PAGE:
The ODNRA stretches along Oregon’s coastline from North Bend to Florence, with Reedsport/Winchester Bay being the epicenter and home of Dunefest, which will be held July 29th through August 2nd, 2015. Dunes reach up to 500 feet high, but the coolest part of the ODNRA is that the dunes support evergreen rain forests along Highway 101, and many trails snake through the forests like e-ticket-ride tunnels. Also, street-legal vehicles can drive on the beach in northern areas in the off-season (October 1 through April 30), but the dunes are open year round. There are also fun worm trails through the salt grass flanking the beach and several camping pads and parking lots, and there are plenty of nicely shaped dunes for jumping (hucking), so bring the cameras. Those camping in the Winchester Bay (actually the mouth of the Umpqau River) marina or RV campgrounds can ride along the shoulder of Salmon Harbor to the OHV area, and there are several rental and tour companies servicing the ODNRA at North Bend/Coos Bay and Winchester Bay. Camping reservations are required May 1–September 30; call (877) 444-6777. Standard sites are $10 a night, and group sites are $20 per night. Oregon OHV permits are required.
Reedsport Chamber of Commerce
855 Hwy 101 S
Reedsport, OR 97467
Siuslaw National Forest
3200 SW Jefferson Way
Corvallis, OR 97331
3) Dumont Dunes, Baker, California:
Nestled between Death Valley and Baker, California, on Hwy 127, Dumont Dunes Off-Highway Vehicle Area is an 8,150-acre dune system, with Comp Hill climbing 500 feet. There are small dunes along Highway 127, and they get taller as you ride east. Or, drive east on Dumont Dunes Road to the larger dunes with seriously steep faces, sharp razorbacks, and witches’ eyes, so be really careful, especially at high noon. It’s much more readable with low sun. This relatively small dune system is bordered by wilderness, a national park and volcanic peaks, but there is some open desert riding along the Amargosa River. There are 10 vault toilets and plenty of sand camping, but you must have a California OHV sticker, nonresident OHV permit or license plate for your duner, plus a pass for your tow vehicle/RV. Weekly passes are $30, holiday weekend passes are $40, seasonal non-holiday passes are $90, and seasonal/holiday passes are $120. Dumont kiosks are credit card only (and are solar-powered), so buy your passes in Baker, Shoshone, Las Vegas, Pahrump or Redlands. Due to extreme heat, the season is Halloween weekend through Presidents Day weekend (October 27–February 16).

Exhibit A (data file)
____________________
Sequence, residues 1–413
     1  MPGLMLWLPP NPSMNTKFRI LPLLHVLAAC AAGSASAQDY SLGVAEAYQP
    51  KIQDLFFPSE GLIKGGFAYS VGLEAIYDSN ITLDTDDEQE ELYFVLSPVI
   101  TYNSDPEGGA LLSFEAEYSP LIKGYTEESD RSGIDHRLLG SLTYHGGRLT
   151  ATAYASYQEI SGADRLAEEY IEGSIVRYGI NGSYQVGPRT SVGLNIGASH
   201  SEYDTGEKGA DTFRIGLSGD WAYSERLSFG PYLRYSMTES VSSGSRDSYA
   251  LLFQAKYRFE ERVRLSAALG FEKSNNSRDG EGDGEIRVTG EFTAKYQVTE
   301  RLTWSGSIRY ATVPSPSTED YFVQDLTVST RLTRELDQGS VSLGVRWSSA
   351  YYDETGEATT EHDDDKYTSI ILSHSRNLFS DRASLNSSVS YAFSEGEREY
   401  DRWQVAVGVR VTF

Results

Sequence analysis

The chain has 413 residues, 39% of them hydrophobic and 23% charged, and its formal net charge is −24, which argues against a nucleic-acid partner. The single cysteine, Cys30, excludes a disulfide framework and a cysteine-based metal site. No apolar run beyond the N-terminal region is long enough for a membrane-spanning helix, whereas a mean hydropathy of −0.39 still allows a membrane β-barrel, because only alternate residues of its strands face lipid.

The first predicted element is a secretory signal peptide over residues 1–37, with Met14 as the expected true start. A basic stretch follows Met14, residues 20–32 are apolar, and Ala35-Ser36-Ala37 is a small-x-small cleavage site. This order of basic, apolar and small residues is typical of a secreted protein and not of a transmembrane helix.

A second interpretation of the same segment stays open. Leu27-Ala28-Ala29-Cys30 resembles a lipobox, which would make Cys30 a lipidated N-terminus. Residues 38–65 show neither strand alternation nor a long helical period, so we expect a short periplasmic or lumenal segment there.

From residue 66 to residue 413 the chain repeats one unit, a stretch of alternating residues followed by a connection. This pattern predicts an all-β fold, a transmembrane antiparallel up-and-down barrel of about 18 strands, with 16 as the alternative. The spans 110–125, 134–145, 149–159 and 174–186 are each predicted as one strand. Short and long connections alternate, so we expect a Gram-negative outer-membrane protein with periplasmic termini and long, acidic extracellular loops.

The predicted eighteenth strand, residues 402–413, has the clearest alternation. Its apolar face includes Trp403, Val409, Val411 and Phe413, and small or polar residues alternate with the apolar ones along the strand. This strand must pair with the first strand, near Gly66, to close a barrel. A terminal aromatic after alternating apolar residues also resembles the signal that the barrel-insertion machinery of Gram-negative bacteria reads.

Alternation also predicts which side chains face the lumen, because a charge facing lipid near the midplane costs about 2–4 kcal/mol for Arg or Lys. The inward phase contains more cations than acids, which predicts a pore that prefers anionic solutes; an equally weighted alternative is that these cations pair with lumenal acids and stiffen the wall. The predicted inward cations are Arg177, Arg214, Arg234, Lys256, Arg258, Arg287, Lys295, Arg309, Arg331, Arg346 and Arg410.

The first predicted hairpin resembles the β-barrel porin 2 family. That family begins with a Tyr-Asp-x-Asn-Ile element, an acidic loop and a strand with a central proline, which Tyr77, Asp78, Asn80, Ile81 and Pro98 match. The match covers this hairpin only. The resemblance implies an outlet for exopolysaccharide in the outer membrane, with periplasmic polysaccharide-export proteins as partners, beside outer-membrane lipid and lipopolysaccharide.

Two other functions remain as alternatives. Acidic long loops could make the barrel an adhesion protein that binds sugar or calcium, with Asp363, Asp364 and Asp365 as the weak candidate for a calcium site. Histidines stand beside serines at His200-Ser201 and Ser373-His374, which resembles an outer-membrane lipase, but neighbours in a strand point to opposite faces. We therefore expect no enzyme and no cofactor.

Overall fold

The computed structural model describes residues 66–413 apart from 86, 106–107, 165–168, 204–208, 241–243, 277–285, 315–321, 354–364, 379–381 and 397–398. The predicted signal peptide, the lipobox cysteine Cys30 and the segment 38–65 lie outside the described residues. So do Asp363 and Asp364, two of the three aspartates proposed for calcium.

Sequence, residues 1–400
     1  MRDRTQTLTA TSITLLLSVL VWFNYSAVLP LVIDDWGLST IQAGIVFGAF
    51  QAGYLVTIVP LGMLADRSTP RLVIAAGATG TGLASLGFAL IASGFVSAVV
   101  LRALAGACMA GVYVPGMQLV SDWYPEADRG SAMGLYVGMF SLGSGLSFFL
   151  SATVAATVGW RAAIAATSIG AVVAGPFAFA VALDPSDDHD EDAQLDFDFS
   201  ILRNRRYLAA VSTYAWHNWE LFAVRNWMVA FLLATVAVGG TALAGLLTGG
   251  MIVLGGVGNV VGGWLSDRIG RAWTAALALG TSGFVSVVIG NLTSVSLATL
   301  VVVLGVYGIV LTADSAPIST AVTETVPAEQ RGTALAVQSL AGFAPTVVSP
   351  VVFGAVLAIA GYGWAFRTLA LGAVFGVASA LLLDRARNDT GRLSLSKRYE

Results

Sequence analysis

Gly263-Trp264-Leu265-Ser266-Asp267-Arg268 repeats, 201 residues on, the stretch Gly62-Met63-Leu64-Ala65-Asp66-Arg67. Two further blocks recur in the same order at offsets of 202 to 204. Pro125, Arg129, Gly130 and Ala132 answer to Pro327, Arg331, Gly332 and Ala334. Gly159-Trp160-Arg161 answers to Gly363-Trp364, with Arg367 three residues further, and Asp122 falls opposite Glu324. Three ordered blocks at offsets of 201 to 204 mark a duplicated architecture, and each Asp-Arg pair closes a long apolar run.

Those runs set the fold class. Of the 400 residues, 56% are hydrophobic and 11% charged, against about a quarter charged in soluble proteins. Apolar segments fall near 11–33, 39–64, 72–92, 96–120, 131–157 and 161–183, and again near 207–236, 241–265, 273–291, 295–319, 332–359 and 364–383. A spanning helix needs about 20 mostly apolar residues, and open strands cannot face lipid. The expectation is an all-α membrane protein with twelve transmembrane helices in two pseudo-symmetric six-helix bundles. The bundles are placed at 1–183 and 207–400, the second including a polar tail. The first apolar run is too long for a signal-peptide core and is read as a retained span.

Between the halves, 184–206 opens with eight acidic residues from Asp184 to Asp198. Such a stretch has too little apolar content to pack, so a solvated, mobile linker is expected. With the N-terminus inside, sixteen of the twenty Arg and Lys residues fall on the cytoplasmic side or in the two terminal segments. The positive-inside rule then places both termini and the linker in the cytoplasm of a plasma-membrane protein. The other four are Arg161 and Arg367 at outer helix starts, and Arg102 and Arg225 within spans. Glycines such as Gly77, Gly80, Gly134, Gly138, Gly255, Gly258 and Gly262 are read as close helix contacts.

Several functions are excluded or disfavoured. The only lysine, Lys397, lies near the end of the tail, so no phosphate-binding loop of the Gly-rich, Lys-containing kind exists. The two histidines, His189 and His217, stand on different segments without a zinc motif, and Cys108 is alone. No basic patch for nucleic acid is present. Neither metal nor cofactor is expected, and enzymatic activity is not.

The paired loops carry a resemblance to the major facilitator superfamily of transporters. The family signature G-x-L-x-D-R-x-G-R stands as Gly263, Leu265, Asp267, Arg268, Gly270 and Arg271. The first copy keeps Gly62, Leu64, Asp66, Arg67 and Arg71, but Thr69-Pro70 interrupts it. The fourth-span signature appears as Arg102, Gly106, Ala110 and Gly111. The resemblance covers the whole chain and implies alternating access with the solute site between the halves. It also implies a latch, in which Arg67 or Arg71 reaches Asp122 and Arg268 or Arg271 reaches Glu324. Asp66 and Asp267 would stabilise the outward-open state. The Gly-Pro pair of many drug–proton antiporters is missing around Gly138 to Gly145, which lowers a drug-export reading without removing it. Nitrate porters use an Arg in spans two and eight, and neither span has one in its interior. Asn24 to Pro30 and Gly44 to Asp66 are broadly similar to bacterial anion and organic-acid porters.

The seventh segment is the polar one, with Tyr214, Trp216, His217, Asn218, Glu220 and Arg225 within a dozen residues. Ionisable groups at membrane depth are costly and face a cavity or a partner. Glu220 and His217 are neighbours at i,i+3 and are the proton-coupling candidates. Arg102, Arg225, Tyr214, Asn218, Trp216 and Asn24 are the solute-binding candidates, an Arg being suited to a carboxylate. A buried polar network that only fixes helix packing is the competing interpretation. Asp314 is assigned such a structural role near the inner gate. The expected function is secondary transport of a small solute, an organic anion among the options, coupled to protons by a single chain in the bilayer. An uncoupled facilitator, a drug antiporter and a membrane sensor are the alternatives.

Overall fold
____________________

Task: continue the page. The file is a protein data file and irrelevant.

BLM Barstow Field Office
2601 Barstow Road
Barstow, CA 92311
4) Idaho Dunes, St. Anthony, Idaho:
Idaho Dunes is a 10,000-acre dune system with windblown quartz sand reaching up to 400 feet, and it’s host to the UTV Invasion every Labor Day weekend (August 28–31, 2015). The infamous Choke Cherry Hill is steeper than Glamis’ China Wall, and Thunder Mountain and Dead Horse Bowl are other features. Park at Egin Lake for day use or stay at the Idaho Dunes RV Park, which has 56 hookup sites, 25 acres of dry camping, RV trailer and ATV rentals, seasonal RV storage and a general store but no fuel pumps. Sand Hills Resort and Campground has race fuel, 109 RV spots with partial and full hookups, tent camping, day parking, a dump station and propane.
Idaho Dunes RV
1695 East 500 North
St. Anthony, ID 83445
Sand Hills Resort
865 Red Road
St. Anthony, ID 83445
5) Oceano Dunes SVRA, Pismo Beach, California:
Formerly a hub of the WORCS racing series, Oceano Dunes SVRA now hosts Huckfest in late October and is a duner favorite, especially during the summer months when Glamis and Dumont are uninhabitable. Cool ocean breezes are only part of the draw, as the SVRA is the only place in California where it’s legal to drive on the beach, a 5.5-mile stretch. The uncool part is that the OHV portion of the area, formerly known as Pismo Beach, has been cut down to 3500 acres, and that drops to 1500–2000 acres during the Snowy Plower nesting season (March–September). Camping is allowed on the beach (call Reserve America at 800-444-7275 for reservations), and Pismo is serviced by Luv 2 Camp RV Rentals (888-898-2267, also serving Glamis, Oregon Dunes and St. Anthony). Dunes run mostly north/south with some bowls, and dunes reach 200 feet tall. An OHV day-use annual pass is $50, and a non-resident OHV permit is $30, which is good for a calendar year. Camping is $10 per night, and California green or red stickers are required, with a red sticker that is good year round. There are also ATV/UTV rental companies servicing Oceano, including Angello’s ATV (805-481-0355), Arnie’s ATV (805-474-6060), BJ’s ATV (805-481-5411), Steve’s ATV (805-481-2597) and Sun Buggy Fun Rentals (805-728-4443).